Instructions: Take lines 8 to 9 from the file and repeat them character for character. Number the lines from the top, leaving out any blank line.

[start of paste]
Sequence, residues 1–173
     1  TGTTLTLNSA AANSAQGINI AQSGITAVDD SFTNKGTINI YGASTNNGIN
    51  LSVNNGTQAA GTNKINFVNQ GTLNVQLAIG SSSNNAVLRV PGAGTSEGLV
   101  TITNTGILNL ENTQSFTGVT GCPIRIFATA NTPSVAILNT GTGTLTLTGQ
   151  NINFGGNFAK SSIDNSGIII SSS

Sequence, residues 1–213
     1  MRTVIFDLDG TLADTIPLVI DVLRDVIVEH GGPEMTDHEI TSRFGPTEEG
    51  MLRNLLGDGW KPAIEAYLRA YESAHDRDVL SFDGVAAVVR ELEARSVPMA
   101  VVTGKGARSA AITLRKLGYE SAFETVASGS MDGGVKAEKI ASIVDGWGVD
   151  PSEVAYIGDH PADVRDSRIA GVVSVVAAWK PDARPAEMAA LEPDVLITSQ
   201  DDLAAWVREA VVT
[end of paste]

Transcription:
    51  MLRNLLGDGW KPAIEAYLRA YESAHDRDVL SFDGVAAVVR ELEARSVPMA
   101  VVTGKGARSA AITLRKLGYE SAFETVASGS MDGGVKAEKI ASIVDGWGVD